The following is a timeline of major events in Olympic history:
1916 — Games cancelled due to World War I.
1936 — American Jesse Owens won four gold medals (100 and 200 meter dashes, long jump and 4x100 relay) in Berlin, a city bristling with Hitler's pre-WWII Nazism. Owens was only supposed to compete in the two solo dashes and the long jump, but a last-minute switch put him and fellow African-American runner Ralph Metcalfe in the place of two Jewish runners — a move believed to be rooted in a Hitler request to not be further humiliated by non-Aryans defeating his German athletes.
1940 and 1944 — Games cancelled due to World War II.
1968 — Tommie Smith and John Carlos, two American sprinters, bowed their heads and raised their black-gloved fists while on the medal podium in Mexico City — marking one of the most famous photographs from any Olympics as well as a memorable milestone in American civil rights.
1972 — Eight Arab terrorists broke into the athletes' compound in Munich. They killed two members of the Israeli Olympic team and took nine others hostage, demanding the release of 200 guerrillas held in Israel. Israeli leaders denied the release.
When both sides agreed to let the terrorists and their hostages out of West Germany, shots rang out as the terrorists walked the hostages onto the jet. It's unclear who fired first, but once the fighting began, the guerrillas killed all nine Israeli hostages. Five of the terrorists were killed.
1976 — Nadia Comaneci, a 14-year-old, 4-foot-11, 86-pound Romanian became the first male or female to ever receive a perfect 10 score in a gymnastics event during the Summer Olympics in Montreal, Canada.
1980 — The U.S. Hockey team scored a major upset by beating the heavily-favored Russian team, in what came to be known as the "Miracle on Ice." Sports aside, the game held much more meaning, being played at the height of the Cold War and on U.S. soil in Lake Placid, N.Y. The story was later made into the Disney movie "Miracle."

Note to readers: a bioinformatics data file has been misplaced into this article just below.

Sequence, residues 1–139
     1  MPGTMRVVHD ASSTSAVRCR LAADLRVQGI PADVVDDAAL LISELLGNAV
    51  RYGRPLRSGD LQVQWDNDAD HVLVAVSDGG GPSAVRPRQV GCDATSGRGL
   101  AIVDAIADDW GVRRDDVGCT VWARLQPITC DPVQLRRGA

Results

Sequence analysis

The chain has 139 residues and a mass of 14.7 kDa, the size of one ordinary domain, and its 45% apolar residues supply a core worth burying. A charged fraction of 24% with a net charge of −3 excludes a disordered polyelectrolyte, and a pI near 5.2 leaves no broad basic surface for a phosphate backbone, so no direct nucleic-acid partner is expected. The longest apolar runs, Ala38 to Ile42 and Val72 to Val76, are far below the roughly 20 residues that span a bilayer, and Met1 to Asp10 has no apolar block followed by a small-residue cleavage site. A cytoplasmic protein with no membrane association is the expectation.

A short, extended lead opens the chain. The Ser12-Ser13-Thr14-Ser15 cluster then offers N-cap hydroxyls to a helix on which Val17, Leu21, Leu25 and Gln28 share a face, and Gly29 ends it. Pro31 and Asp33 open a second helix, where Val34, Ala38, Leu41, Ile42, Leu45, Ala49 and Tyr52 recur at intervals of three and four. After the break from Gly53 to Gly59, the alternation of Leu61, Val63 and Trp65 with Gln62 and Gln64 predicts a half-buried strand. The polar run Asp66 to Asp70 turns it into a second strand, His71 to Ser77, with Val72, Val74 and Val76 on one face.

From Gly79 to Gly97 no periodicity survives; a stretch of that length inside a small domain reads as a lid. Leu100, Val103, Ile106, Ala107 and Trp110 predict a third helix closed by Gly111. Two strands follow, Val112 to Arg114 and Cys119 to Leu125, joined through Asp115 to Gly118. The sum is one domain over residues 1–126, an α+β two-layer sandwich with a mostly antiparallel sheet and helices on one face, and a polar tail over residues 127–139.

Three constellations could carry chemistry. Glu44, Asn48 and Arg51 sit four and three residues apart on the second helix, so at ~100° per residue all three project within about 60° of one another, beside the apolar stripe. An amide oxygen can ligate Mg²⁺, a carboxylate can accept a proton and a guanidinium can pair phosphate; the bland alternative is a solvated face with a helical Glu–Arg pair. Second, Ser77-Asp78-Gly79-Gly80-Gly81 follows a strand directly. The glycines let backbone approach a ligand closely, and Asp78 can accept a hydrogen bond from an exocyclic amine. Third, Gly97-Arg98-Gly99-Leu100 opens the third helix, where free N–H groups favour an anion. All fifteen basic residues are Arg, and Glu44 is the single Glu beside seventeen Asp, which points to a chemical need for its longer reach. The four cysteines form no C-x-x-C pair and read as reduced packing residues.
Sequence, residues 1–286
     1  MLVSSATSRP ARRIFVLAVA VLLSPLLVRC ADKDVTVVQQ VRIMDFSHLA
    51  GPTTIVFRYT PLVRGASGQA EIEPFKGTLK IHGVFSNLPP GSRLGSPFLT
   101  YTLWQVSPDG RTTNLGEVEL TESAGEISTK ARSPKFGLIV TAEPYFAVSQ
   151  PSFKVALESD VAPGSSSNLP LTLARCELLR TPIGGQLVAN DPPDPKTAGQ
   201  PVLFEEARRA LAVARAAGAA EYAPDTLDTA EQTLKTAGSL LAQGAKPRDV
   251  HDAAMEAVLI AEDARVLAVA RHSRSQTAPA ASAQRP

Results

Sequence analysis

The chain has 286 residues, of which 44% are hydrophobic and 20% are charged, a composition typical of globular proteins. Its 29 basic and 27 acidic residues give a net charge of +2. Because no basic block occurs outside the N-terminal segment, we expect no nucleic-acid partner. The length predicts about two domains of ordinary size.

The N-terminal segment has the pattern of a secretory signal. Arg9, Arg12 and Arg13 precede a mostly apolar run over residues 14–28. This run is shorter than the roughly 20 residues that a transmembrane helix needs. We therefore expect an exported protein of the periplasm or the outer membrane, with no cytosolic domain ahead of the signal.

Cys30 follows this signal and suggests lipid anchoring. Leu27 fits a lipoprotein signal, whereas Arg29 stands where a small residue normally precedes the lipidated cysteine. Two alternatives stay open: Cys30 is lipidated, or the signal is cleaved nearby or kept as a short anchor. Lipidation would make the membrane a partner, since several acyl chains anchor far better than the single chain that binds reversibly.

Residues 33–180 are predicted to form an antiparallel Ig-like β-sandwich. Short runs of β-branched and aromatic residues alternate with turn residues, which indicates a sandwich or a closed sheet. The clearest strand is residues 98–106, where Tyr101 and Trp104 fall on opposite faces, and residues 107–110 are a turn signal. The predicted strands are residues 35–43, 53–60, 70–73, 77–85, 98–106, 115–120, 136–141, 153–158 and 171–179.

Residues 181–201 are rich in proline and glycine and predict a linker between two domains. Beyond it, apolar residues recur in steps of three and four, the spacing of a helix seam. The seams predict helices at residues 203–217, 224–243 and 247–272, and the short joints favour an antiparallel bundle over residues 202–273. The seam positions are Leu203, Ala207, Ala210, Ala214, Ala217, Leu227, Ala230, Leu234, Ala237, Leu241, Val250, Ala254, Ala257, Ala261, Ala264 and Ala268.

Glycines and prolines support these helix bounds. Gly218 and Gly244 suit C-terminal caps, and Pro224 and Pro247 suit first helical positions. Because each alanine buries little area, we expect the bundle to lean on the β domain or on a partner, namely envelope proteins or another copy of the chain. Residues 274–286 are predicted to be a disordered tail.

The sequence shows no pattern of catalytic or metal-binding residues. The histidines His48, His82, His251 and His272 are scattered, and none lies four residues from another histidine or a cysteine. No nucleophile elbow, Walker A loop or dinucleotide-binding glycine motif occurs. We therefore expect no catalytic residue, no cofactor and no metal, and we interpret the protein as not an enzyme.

1988 — Jamaica entered the bobsled event — marking a first for the sunny Caribbean country. However, during a run in the '88 games, their sled flipped onto its side, thus eliminating them from contention. The story was later made into the Disney movie "Cool Runnings."
1998 — Ben Johnson, dubbed the "World's Fastest Man," wins gold in the 100 meter sprint, but was later stripped of his medal for failing a drug test. His 1987 world record was revoked in 1989 after he admitted using steroids, and Johnson was banned for life by the IAAF in 1993 for testing positive again.
1994 — Weeks before the Lillehammer Winter Games, U.S. figure skater Nancy Kerrigan was attacked while leaving a practice session in Detroit. She was hit in the knee by a man with a metal club, leaving her hobbled and her Olympic dreams in the air.
The investigation quickly turned to Jeff Gillooly, the husband of rival skater Tonya Harding. Gillooly, along with Shawn Eckardt, eventually confessed to the FBI that they were behind the attack. Harding then admitted prior knowledge of the assault. She was kicked off of the Olympic team, but her $25 million lawsuit kept her on the team.
Kerrigan made a miraculous recovery, and was able to skate in Lillehammer. Amid suffocating media coverage, Kerrigan won the silver medal, barely losing the gold to Ukrainian Oksana Baiul.
1996 — A bomb ripped through a recreation area inside Olympic Park in Atlanta and killed one person and injured more than 100. Richard Jewell — a security guard originally called a hero for evacuating the area — was the focus of an FBI investigation into the bombing. Jewell was later cleared of any involvement.